142nd APHA Annual Meeting and Exposition

Annual Meeting Recordings are now available for purchase

In Their Own Words: Training Muslim Religious Leaders to Reduce Stigma and Improve Access to Mental Health Care

142nd APHA Annual Meeting and Exposition (November 15 - November 19, 2014): http://www.apha.org/events-and-meetings/annual
Tuesday, November 18, 2014 : 9:30 AM - 9:50 AM

Sahra Noor, RN, PHN, MS , Department, Fairview Health Services, Roseville, MN
Ahmed Hassan, MA , Co-founder, Summit Guidance Center, Minneapolis, MN
Pachia Vue, MPH , Community Health, Fairview Health Services, Minneapolis, MN
The role of spiritual communities as a protective factor in preventing or mitigating mental health crisis has been explored within many ethnic communiities living in the United States.  This presentation offers research that addresses the gap in peer-reviewed studies related to the role of Muslim/Somali leaders in the early identification of mental health issues and access to services.

85,700 Somali live in the United States (2010 American Community Survey). Nearly one third of this population lives in Minnesota. In response to this demographic, the University of Minnesota Medical Center-Fairview conducted a community health needs assessment in 2012. This needs assessment  found that addressing mental health concerns such as stigma and isolation was a priority to members of the Somali community. 99% of Somalis are muslims and addressing cultural and religious taboos related to mental health was identified as a critical variable related to help-seeking behavior and stigma reduction. 

In this project, 10 Imams from four mosques in Minneapolis participated in 8 mental health trainings and dialogues on topics such as depression, chemical dependency, self-care, and motivational interviewing. (Imams are religious leaders in the Muslim faith community and have long served as advocates for the Somali community).  The Imams were provided with tools and resources to help their communities address mental health concerns and they also learned how to refer members from their congregations to mental health services. A multimedia campaign was implemented to help de-stigmatize mental health.

This presentation will share  tools amd methods used to engage Somali Muslim leaders in Mental Health outreach and share lessons learned with peers and researchers interested in exploring this topic.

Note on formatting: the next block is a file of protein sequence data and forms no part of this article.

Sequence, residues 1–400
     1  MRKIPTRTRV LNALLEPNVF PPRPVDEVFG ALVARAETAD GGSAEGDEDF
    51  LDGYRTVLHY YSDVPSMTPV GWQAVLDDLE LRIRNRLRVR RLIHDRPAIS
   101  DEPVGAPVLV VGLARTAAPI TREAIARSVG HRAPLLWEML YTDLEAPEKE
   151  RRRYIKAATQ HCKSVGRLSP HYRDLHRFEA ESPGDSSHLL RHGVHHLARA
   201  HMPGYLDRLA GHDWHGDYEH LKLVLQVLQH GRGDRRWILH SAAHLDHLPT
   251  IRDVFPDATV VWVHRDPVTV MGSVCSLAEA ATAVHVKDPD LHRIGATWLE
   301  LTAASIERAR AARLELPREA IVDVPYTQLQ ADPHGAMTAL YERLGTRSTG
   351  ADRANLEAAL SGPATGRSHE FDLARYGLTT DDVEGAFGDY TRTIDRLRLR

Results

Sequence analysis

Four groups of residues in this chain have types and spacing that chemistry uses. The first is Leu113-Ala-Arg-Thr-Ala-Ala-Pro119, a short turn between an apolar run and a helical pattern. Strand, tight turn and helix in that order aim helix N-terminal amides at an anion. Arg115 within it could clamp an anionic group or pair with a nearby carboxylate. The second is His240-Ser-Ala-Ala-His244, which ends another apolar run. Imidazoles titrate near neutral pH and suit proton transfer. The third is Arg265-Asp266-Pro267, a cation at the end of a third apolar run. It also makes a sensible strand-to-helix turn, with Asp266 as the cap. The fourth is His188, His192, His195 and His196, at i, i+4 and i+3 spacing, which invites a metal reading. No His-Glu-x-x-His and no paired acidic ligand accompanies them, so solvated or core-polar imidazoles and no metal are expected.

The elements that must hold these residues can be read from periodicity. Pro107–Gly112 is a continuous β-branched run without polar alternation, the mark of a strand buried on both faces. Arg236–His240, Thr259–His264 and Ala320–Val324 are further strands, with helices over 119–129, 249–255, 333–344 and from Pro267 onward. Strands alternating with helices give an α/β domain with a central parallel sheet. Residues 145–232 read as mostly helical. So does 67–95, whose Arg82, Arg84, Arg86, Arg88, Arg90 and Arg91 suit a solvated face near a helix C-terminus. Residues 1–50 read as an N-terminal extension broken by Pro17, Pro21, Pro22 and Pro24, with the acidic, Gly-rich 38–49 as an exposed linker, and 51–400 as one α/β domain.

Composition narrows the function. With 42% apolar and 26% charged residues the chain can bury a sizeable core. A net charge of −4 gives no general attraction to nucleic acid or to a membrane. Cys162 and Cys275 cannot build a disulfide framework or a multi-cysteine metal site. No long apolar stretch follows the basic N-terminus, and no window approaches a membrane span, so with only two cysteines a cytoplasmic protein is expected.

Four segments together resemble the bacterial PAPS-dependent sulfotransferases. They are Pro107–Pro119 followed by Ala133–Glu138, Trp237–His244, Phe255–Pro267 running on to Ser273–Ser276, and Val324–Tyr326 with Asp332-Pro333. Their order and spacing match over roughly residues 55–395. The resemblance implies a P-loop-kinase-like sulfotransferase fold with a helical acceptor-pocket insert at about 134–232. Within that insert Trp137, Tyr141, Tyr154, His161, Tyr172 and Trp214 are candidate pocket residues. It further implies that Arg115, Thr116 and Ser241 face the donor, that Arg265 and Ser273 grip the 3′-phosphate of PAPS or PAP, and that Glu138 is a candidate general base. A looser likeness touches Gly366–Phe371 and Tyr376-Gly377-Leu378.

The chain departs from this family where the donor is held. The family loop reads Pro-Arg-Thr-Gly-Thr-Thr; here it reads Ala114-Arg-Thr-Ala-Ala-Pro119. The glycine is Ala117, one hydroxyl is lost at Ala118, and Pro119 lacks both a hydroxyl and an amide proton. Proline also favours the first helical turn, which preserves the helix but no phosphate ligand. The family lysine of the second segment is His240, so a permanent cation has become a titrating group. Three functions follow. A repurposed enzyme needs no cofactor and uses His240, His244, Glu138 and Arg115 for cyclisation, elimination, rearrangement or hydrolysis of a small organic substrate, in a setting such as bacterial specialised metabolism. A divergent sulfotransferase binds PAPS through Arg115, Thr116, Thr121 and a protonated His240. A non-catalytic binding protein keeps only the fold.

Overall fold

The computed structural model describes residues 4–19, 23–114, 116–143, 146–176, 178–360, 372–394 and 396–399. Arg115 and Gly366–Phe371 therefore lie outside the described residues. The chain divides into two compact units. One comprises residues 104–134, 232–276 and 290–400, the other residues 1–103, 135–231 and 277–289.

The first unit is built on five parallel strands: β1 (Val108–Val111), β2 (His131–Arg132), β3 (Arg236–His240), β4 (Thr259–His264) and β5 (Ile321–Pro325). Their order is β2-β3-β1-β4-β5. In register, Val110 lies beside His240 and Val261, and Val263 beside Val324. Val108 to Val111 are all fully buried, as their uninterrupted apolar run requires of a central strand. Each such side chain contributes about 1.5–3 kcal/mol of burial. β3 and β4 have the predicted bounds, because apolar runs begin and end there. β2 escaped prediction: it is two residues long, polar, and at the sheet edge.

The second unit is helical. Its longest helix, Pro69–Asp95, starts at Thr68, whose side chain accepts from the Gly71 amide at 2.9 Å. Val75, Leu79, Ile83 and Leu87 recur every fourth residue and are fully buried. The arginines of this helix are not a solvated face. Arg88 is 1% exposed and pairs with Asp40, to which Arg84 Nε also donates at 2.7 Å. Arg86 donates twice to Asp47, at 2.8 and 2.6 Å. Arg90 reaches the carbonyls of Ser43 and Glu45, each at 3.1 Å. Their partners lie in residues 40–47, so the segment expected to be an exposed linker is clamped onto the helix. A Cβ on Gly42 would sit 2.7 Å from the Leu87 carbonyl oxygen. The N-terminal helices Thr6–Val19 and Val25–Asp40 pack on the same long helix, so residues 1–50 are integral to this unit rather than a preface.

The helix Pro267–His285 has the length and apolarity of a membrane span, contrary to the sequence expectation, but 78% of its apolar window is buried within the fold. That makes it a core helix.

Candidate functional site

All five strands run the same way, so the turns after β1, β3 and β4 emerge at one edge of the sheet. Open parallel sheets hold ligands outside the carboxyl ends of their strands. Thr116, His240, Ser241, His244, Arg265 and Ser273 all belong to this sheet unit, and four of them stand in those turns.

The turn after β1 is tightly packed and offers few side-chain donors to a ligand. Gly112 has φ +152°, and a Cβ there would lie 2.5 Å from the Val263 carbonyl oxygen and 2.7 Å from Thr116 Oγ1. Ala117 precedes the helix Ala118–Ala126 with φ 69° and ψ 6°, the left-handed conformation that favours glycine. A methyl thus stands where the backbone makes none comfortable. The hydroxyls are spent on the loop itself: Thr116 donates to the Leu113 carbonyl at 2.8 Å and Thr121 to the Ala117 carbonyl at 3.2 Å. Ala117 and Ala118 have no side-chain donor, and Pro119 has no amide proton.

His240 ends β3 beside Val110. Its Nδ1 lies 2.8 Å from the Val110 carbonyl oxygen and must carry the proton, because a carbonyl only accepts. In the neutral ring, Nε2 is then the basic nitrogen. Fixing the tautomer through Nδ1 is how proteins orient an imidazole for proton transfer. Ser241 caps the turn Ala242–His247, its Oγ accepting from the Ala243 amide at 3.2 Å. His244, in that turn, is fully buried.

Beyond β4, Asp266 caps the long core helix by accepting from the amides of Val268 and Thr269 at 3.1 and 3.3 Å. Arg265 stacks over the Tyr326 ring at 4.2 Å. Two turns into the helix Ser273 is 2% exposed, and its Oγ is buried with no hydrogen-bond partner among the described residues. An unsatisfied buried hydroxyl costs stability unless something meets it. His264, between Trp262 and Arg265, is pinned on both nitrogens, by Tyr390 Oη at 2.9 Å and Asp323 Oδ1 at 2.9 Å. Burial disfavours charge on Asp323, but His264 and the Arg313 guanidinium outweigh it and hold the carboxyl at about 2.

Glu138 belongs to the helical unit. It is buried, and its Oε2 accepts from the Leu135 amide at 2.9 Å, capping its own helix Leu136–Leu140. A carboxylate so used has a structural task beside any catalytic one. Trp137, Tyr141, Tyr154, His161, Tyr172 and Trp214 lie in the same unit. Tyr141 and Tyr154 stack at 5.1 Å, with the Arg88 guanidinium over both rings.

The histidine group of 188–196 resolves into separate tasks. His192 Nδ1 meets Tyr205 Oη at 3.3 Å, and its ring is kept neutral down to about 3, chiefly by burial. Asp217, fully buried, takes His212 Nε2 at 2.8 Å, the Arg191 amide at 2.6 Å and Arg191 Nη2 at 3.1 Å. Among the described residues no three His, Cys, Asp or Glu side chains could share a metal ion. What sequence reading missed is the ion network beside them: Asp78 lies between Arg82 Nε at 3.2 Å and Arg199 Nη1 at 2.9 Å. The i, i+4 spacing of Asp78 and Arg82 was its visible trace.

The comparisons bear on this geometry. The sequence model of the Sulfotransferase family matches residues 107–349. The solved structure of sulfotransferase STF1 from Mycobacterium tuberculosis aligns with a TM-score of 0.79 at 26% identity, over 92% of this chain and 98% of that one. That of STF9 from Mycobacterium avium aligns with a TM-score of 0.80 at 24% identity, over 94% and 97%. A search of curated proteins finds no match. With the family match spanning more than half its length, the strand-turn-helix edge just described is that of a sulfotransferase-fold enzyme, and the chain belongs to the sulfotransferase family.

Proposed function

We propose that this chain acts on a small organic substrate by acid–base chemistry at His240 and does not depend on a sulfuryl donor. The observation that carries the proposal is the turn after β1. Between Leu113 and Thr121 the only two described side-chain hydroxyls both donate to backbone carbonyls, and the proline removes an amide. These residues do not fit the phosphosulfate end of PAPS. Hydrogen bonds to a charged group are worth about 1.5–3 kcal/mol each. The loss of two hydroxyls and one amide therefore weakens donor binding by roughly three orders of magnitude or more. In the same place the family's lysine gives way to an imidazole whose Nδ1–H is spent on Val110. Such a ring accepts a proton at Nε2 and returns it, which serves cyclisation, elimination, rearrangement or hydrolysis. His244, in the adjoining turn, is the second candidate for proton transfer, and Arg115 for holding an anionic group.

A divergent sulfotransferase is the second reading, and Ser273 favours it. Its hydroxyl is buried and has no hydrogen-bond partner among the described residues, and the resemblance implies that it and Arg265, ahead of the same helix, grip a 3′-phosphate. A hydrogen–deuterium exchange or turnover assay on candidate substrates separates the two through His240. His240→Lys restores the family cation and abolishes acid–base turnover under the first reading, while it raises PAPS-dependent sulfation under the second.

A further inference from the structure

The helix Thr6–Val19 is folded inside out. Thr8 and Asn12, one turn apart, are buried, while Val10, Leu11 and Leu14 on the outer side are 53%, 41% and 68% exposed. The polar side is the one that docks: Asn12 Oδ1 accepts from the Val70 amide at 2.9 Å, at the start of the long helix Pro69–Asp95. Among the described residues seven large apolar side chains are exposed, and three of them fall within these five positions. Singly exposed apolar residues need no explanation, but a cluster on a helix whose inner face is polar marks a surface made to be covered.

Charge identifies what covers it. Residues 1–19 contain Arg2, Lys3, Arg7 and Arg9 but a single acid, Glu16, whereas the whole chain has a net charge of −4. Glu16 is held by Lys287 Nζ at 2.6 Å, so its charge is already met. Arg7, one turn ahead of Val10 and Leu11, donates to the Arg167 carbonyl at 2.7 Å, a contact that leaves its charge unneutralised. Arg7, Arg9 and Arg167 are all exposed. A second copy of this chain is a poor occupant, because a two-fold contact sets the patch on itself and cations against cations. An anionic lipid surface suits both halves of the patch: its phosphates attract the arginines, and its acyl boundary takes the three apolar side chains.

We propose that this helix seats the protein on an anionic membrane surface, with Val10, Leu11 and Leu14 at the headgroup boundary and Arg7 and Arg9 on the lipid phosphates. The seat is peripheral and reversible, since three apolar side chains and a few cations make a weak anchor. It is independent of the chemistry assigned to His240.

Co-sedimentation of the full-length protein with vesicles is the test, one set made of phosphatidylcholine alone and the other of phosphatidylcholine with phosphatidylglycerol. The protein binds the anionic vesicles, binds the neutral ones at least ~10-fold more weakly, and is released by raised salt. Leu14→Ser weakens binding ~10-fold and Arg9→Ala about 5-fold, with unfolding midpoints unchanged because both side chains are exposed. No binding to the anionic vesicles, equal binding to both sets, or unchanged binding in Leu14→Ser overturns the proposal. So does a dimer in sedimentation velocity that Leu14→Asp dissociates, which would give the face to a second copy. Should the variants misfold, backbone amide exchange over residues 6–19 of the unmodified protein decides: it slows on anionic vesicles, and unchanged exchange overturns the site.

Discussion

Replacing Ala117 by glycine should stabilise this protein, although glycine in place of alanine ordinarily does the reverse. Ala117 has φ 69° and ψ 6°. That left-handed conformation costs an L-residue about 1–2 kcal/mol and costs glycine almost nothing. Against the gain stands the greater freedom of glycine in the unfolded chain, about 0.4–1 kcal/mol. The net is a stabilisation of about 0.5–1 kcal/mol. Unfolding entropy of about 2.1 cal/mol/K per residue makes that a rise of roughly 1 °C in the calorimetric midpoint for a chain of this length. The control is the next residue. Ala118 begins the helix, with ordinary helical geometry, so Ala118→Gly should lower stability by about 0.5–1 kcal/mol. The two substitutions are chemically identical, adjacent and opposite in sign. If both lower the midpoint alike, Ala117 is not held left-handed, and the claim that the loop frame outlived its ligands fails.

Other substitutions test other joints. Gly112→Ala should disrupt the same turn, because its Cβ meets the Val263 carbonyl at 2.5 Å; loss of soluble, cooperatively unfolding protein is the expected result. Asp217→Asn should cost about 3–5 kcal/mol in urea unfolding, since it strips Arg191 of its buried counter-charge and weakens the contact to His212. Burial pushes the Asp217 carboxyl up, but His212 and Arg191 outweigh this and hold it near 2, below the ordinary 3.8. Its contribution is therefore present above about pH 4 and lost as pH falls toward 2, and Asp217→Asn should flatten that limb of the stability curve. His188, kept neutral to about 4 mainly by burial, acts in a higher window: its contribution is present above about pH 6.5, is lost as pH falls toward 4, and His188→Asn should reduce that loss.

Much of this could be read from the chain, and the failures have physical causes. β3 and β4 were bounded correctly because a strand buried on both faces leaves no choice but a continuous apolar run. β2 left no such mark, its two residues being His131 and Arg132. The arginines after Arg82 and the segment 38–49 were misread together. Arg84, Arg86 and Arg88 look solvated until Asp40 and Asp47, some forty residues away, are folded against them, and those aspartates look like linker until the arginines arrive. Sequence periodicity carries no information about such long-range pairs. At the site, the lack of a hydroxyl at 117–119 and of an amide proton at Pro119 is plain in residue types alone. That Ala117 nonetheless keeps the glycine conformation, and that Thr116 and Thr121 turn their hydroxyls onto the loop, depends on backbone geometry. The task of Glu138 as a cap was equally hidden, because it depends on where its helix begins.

Learning Areas:

Diversity and culture
Implementation of health education strategies, interventions and programs
Program planning
Public health or related education

Learning Objectives:
Describe the Mental Health Needs of Somali Muslim Immigrants Discuss Methods used to train Muslim religious leaders on Mental Health disorders and treatments Identify opportunities to integrate faith into mental health outreach efforts

Keyword(s): Faith Community, Mental Health

Presenting author's disclosure statement:

Qualified on the content I am responsible for because: Sahra Noor is a public health nurse and the director of language services and community health at University of Minnesota Medical Center, Fairview. As part of her role at Fairview, she leads community health programs and initiatives. Noor holds a masterís degree in nursing and health systems administration from the University of Minnesota. She is a board member of Pillsbury United Communities and has served as an adviser to American Refugee Committee's Neighbors Initiative. †
Any relevant financial relationships? No

I agree to comply with the American Public Health Association Conflict of Interest and Commercial Support Guidelines, and to disclose to the participants any off-label or experimental uses of a commercial product or service discussed in my presentation.